Note that ##dr / d\tau## is related to velocity, but further work would be needed to convert it into the velocity as measured by a co-located inertial observer. dr is not the same as distance measured by a co-located inertial observer due to the metric coefficients of the Schwarzschild metric, and ##d\tau## is the change in proper time, not the change in coordinate time.

    Basically, we can use "conservation of energy" arguments in the case of a test mass falling into a massive body to come up with meaningful equations, but the details of how we do this are different in General relativity than they are in Newtonian mechanics. The simple approach outlined above won't work if the bodies are not test masses, one way of describing the issue is to say that gravitational radiation is emitted when the infalling body is not a test mass, and the problem becomes significantly more complex.
     
  6. Feb 13, 2019 at 3:41 PM #5
    Thank you for your response.

    I understand. Lets forget the notion of the potential energy and return to the example of the 2 bullets.

    They have the same rest mass and the same distance from earth. We know the initial velocities of the bullets. We can calculate their relativistic masses: m = m0/sqrt(1 - v2), and their energies: E=mc2

    We are also able to measure the final velocities of the bullets at the bottom of the tower; and calculate corresponding relativistic masses and energies.

    Here is the question: if we calculate the energy differences between the top and the bottom of the tower, will we obtain the same value for the 2 bullets (with different initial velocities)?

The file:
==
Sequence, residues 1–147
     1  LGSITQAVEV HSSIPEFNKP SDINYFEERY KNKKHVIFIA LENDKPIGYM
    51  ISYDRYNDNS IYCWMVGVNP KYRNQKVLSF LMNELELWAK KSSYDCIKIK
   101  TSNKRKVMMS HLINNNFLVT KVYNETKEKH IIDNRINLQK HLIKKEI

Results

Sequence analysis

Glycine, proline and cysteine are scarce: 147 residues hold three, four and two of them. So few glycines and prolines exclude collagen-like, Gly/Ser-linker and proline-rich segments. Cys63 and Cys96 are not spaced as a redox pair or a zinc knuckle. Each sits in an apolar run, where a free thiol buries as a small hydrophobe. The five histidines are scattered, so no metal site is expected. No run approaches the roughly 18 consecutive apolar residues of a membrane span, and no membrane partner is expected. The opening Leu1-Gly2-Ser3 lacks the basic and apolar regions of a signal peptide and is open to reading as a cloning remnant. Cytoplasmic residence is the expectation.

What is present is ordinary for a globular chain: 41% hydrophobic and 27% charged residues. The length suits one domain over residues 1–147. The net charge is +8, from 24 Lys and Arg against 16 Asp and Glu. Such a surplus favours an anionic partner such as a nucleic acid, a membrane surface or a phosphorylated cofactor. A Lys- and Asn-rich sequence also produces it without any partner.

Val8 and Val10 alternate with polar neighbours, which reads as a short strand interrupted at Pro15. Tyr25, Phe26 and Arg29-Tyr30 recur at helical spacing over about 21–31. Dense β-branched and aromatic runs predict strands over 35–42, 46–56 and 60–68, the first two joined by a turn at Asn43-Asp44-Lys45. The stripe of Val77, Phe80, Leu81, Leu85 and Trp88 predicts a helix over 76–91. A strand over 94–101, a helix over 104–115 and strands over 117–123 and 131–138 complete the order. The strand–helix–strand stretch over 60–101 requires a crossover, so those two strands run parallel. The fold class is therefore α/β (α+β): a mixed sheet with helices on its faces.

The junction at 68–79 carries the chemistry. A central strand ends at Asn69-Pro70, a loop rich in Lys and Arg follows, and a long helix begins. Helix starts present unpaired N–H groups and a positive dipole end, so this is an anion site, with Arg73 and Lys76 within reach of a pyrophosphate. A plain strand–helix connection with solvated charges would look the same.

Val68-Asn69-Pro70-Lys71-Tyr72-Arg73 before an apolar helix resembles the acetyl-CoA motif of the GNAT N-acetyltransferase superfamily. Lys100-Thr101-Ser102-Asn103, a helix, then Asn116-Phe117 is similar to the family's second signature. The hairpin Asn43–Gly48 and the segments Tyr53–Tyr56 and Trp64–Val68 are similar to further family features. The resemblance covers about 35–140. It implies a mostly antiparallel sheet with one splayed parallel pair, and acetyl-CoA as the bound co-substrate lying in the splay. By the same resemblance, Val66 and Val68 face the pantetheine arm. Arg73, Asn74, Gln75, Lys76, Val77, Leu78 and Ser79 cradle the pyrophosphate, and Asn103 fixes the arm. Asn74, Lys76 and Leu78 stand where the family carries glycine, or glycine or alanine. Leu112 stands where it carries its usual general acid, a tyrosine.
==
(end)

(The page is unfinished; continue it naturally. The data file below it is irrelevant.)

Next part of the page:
7. Feb 13, 2019 at 4:45 PM #6

    Ibix

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    The energy measured by a observer at constant altitude is ##g_{\mu\nu}U^\mu P^\nu=m_0g_{\mu\nu}U^\mu V^\nu##, where ##U^\mu## is the four-velocity of an observer at constant altitude, and ##P^\nu## is the four-velocity of the bullet, which is equal to the its rest mass, ##m_0##, times its four velocity ##V^\nu##. Since, in Schwarzschild coordinates, ##U^t=1/\sqrt{g_{tt}}## is the only non-zero component of ##U## and the metric is diagonal, the measured energy is ##m_0\sqrt{g_{tt}}V^t##.

    Of course, ##g_{tt}=1-R_s/r##. And for a geodesic ##V^t=dt/d\tau=E_\infty/(1-R_s/r)##, where ##E_\infty## is the energy per unit mass at infinity (see 7.43 in Sean Carroll's GR lecture notes, for example - he uses just ##E## for what I've called ##E_\infty##, but you've used that for something else). Thus the measured energy is ##m_0E_\infty/\sqrt{1-R_s/r}## and the energy difference you are asking about is $$\Delta E=m_0E_\infty\left(\frac 1{\sqrt{1-R_s/r_1}}-\frac 1{\sqrt{1-R_s/r_2}}\right)$$where the bullet has fallen from ##r_2## to ##r_1##.

    The initial velocity of the bullet is encoded in ##E_\infty##. The ##\gamma## factor measured by the hovering observer at ##r_2## is actually given by ##\gamma=g_{\mu\nu}U^\mu V^{\nu}=E_\infty/\sqrt{1-R_s/r_2}##, so we can write the energy difference as$$\Delta E=m_0\gamma\left(\frac{\sqrt{1-R_s/r_2}}{\sqrt{1-R_s/r_1}}-1\right)$$I would strongly resist using the term "relativistic mass" but, assuming I haven't mucked that up, it would appear that the "energy gain" is proportional to ##\gamma m_0##, yes.
     
    Last edited: Feb 13, 2019 at 5:40 PM
  8. Feb 14, 2019 at 12:28 AM #7
    Thank you so much for your answer and your time. It is so complete that I dont have any further questions.